1. As the response is pretty big and you don’t need all of the data, you reduce the response by creating a new list of clients that have the following structure:
    'id': item['id'],
    'name': item['properties']['Name']['title'][0]['plain_text'],
    'pending_amount': item['properties']['Pending Amount']['number'],
    'due_date': item['properties']['Due Date']['date']['start'],
    'phone_number': item['properties']['Phone No.']['phone_number'],
  1. In the is_due function, you check whether the due_date is due or not. Since in this tutorial the objective is to send a reminder before seven days, three days, one day before the due date, and each day after the due date, this function checks the same.
  2. In the main function, you call the get_client_details function and for the clients that have a pending due date, you call the send_reminder function, which you will write in the next section.

Next, create a .env file in the project’s root directory and add the following two environment variables to it:


To get your database ID, check out the URL structure for a Notion page -{workspace_name}/{database_id}?v={view_id}. The part that corresponds to {database_id} in the URL is your database’s ID. It is a 36-character long string.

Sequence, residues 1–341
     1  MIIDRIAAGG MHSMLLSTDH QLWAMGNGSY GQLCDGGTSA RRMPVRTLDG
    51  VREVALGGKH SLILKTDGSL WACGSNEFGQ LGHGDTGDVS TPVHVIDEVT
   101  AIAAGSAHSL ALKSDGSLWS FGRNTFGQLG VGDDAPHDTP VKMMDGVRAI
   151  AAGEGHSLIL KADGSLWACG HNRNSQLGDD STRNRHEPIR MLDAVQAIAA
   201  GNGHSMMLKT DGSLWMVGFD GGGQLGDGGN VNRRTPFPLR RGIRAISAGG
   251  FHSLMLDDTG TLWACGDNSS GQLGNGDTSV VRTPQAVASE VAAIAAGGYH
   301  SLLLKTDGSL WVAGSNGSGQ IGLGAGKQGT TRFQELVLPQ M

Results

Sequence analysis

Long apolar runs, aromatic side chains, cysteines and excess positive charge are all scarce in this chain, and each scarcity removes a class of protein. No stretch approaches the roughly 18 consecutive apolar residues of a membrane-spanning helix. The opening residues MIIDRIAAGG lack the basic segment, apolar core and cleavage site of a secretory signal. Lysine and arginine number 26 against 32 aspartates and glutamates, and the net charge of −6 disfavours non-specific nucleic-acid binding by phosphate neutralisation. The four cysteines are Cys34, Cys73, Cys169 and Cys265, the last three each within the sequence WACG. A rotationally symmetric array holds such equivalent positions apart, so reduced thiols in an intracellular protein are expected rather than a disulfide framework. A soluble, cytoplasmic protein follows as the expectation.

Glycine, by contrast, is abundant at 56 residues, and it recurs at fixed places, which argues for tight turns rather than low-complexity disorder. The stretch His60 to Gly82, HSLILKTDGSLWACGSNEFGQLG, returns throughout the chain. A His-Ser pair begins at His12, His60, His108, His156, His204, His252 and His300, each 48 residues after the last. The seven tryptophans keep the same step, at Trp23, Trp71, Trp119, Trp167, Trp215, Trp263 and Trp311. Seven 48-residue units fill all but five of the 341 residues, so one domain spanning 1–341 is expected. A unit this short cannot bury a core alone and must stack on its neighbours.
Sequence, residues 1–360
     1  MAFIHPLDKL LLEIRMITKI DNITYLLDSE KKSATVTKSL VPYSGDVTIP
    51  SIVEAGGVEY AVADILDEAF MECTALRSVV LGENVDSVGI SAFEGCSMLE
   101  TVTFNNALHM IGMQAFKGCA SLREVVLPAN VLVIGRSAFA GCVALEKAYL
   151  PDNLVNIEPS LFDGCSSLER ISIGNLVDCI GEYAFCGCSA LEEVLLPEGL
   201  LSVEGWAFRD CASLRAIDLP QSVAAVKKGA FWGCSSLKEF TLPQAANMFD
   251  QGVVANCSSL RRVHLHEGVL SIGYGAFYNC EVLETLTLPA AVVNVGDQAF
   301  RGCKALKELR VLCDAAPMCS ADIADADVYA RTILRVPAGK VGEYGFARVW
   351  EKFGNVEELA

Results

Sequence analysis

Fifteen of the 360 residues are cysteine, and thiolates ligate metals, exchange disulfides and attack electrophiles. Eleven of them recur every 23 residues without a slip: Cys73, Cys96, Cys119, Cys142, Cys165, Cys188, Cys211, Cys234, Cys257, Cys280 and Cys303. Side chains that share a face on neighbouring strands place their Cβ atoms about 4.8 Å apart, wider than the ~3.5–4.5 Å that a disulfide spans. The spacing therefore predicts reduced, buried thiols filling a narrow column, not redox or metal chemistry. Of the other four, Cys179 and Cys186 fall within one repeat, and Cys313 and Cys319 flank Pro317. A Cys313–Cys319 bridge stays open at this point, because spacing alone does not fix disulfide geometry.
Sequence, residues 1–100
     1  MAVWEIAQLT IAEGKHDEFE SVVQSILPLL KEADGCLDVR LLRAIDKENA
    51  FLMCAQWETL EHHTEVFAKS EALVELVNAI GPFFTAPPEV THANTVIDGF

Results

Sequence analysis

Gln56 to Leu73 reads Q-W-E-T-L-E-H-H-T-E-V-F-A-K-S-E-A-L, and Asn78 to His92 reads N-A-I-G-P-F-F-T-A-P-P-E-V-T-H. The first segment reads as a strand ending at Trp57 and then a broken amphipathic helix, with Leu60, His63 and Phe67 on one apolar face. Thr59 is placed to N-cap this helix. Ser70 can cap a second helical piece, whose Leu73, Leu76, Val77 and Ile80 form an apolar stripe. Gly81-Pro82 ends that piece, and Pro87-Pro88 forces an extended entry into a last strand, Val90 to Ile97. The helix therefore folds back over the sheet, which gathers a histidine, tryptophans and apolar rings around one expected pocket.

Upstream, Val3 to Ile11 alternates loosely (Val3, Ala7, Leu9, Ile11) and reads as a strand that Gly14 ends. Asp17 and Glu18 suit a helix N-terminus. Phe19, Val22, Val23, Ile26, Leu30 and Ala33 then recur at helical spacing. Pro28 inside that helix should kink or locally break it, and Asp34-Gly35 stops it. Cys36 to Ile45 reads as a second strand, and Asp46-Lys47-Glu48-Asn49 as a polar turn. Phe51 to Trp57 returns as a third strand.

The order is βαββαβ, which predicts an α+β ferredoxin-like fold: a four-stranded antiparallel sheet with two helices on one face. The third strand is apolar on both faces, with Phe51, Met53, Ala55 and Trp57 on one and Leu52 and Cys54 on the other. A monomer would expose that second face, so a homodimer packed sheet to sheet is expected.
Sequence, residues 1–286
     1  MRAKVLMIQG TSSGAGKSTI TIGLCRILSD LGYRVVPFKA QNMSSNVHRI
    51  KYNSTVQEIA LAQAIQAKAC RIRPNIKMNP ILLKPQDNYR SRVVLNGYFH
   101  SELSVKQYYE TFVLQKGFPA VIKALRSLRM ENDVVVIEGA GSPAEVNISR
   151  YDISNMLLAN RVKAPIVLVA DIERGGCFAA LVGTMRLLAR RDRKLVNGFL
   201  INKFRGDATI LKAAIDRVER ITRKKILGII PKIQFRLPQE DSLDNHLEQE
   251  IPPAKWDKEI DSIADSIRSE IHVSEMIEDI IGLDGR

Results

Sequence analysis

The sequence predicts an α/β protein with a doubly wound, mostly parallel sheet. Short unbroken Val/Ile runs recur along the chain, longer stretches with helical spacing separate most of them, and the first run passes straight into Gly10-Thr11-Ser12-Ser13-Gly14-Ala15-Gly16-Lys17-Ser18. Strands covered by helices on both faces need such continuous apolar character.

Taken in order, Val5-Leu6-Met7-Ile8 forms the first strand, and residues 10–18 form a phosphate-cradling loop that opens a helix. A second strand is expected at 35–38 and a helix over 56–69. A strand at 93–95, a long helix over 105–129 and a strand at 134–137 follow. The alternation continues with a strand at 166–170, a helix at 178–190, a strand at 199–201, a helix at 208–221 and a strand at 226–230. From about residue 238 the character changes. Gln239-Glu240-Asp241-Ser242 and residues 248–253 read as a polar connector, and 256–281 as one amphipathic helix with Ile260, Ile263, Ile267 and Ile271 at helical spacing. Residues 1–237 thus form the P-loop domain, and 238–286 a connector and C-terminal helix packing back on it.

If your Notion database is not within a workspace, or if it simply doesn’t match the URL shown above, it probably looks like this:{database_id}?v={view_id}.

Sending WhatsApp Notifications

Sending reminders is the main objective of this tutorial. For sending reminders, you can use the Twilio WhatsApp API to perform this task.

To do so, first, log in to your Twilio account and visit the Twilio console. On the console, look out for the Account Info section and obtain the Account SID and Auth Token.

Twilio Account Credentials

Next, activate your Twilio Sandbox to send and receive WhatsApp messages.

Next, add the Account SID and Auth Token as environment variables to your .env file:


Next, update the by adding the twilio library at top of the file and and the send_reminder function before the main function:

from import Client


# 1
def send_reminder(client: dict):
    This function sends a WhatsApp notification using the Twilio WhatsApp Business API.

    twilio_client = Client(TWILIO_ACCOUNT_SID, TWILIO_AUTH_TOKEN)

    # This is the Twilio Sandbox number. Don't change it.
    from_whatsapp_number = 'whatsapp:+14155238886',
    to_whatsapp_number = f"whatsapp:{client['phone_number']}"
    body: str = f"Hi {client['name']}. Your payment of USD{client['pending_amount']} is due since {client['due_date']}."

        print('There was an error sending the message')

In the above code, you define the send_reminder function that takes client as input. It uses Twilio Python SDK (Client) to send a WhatsApp message from a Twilio Sandbox phone number to the client’s phone number to_whatsapp_number. The body of the message contains the client’s name, pending amount, and the due date.

Finally, execute the Python application by running the following command in your terminal:

python src/

If there are any empty rows or fields in your Notion database, the application might throw an index error. Otherwise, if there are any clients with due dates, then the application will send some WhatsApp notifications: